Russian oil exports to India surge as Europe shuns cargoes
Russian oil exports to India have quadrupled this month in a sign of the vast reshaping of global energy flows since Russia’s invasion of Ukraine.
India, the world’s third-largest energy consuming country, has snapped up multiple cargoes of Russian oil from traders as buyers in Europe shunned the country’s vast commodities market following western sanctions on Moscow.
Russia has exported 360,000 barrels a day of oil to India in March so far, nearly four times the 2021 average. The country is on track to hit 203,000 b/d for the whole month based on current shipment schedules, according to Kpler, a commodities data and analytics firm. Export data represent cargoes that have been loaded on to tankers and are en route to India.
Alex Booth, head of research at Kpler, said India typically buys CPC, a blend of predominantly Kazakh and Russian crude, but the big increase in March was for Russia’s flagship Urals crude, suggesting Indian buyers weighed up significant discounts against public opinion.
“Already committed oil cargoes from Russia that can’t find buyers in Europe are being bought by India,” he said. “Exports to India surged in March before any official announcement by New Delhi.”
On Tuesday, White House press secretary Jen Psaki warned that India would be on the wrong side of history if it bought Russian oil, although she acknowledged the purchases would not violate US sanctions.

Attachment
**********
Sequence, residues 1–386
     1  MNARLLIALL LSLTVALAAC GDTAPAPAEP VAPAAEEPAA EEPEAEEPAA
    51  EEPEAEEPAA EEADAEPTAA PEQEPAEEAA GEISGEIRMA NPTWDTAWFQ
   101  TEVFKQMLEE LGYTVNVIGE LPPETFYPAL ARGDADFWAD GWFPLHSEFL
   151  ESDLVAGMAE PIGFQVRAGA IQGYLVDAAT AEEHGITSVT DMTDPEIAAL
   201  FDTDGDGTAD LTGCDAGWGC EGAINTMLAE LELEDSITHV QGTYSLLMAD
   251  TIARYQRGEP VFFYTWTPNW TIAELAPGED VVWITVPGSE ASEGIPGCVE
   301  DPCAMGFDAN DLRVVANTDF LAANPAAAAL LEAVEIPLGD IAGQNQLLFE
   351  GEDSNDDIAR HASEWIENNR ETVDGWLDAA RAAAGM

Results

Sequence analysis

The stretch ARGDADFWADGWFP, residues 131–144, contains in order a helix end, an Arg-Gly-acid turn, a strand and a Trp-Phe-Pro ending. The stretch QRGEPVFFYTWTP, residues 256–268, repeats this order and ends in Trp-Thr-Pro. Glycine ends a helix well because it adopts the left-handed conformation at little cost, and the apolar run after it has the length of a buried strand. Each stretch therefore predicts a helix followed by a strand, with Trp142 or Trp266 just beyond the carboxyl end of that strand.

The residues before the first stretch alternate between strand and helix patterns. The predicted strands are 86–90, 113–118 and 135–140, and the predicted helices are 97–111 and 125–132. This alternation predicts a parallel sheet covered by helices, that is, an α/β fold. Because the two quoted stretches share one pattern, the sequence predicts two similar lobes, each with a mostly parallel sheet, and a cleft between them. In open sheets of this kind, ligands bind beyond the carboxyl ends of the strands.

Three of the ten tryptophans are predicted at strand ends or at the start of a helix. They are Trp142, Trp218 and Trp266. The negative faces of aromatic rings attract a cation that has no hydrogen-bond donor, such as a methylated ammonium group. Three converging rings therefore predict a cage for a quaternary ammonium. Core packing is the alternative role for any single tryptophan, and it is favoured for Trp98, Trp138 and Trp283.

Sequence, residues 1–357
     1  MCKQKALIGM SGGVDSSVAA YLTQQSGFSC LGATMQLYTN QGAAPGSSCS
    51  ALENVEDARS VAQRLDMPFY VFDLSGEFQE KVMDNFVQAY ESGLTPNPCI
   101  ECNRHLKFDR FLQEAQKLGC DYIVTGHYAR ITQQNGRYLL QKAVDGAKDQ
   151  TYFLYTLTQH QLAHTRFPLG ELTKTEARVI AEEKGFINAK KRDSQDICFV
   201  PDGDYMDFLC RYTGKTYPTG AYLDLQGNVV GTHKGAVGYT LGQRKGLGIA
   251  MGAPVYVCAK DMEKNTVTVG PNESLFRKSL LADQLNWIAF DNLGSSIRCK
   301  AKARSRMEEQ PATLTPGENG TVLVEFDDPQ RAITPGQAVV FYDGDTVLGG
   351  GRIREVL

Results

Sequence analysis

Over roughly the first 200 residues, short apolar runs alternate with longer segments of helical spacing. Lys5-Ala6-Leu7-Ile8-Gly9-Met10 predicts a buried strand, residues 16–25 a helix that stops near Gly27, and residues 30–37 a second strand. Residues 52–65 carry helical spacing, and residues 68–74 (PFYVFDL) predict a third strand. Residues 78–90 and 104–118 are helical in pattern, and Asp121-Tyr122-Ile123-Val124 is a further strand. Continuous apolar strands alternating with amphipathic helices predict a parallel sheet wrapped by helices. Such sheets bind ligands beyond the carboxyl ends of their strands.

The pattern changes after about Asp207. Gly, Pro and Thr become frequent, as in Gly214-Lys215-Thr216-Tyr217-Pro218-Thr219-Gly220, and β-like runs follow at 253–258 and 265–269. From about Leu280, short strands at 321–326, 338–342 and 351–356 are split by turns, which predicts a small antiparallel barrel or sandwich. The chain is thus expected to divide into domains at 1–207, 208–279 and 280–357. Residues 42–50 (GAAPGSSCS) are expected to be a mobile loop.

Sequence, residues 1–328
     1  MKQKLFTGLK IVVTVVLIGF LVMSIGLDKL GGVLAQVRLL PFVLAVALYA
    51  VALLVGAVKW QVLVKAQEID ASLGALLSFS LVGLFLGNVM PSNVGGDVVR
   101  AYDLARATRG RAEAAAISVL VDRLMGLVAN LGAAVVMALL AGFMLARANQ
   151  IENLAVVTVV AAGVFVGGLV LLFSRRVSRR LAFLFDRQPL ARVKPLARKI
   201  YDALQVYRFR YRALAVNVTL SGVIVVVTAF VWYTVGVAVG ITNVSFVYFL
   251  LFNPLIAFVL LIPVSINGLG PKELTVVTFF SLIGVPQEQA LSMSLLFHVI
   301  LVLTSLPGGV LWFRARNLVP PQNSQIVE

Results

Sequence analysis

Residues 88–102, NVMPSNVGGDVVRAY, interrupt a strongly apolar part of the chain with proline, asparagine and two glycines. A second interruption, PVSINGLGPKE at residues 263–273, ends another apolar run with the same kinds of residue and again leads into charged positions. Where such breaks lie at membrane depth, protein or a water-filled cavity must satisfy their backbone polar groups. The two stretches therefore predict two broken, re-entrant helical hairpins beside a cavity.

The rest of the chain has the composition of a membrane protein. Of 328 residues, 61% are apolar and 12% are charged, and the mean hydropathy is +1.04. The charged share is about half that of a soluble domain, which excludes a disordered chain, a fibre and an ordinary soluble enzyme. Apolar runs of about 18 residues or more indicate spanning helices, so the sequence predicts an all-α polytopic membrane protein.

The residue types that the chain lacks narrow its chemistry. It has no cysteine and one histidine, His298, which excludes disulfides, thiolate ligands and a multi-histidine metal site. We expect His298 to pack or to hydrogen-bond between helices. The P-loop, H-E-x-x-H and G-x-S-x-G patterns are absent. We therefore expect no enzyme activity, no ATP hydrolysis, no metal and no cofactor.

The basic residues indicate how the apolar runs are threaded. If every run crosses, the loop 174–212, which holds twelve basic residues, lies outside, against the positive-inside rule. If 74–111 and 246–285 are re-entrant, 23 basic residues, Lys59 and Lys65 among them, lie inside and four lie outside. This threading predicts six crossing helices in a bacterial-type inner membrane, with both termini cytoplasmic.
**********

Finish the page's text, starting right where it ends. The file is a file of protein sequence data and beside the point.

Historically, Russian crude oil has constituted below 5 per cent of India’s total imports, which were 4.2mn b/d last year.
“Indian companies weren’t sourcing much from Russia given high shipping costs,” said Vivekanand Subbaraman, research analyst at Ambit Capital. “This appears to be changing now.”
Lars Barstad, chief executive of Frontline, a New York-listed tanker company, said that the discount on Russian Urals was about $25-30 a barrel, whereas freight rates would only add $3-4 per barrel, making the trade economic.
Frontline and other tanker companies have been avoiding trading Russian oil because of the complexity of complying with sanctions, but many oil majors and traders are legally bound under contracts to keep lifting Russian barrels.
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India and Russia have a longstanding partnership, from defence to trade, and Putin visited India last December — only his second overseas trip since the pandemic. New Delhi has so far abstained on UN votes condemning Russian aggression.
With 85 per cent of India’s crude needs covered by imports, higher oil prices act as a drag on its treasury.
Subbaraman said: “I think that all three state-owned refiners will purchase oil from Russia given how import dependent and politically sensitive energy is for Indians.”
Speaking to Indian lawmakers this week, Indian oil minister Hardeep Singh Puri stressed that energy prices in India have not soared as much as they have in Europe and the US, rising only 5 per cent. India would act in the interest of local consumers within “the margin of persuasion”, he added.
Russia’s deputy prime minister Alexander Novak and Singh Puri spoke by phone last week. “We are interested in further attracting Indian investment to the Russian oil and gas sector and expanding Russian companies’ sales networks in India,” Novak said.
Indian officials have said that the central bank and government are looking at establishing a rupee-rouble trading mechanism, which would facilitate trade after western restrictions on international payments to and from Russia.
The two countries have several joint energy interests. Rosneft owns 49 per cent of Nayara Energy, which runs India’s second largest refinery.
India’s Ministry of Petroleum and Natural Gas, Indian Oil Corporation and Nayara Energy did not respond to requests for comment.
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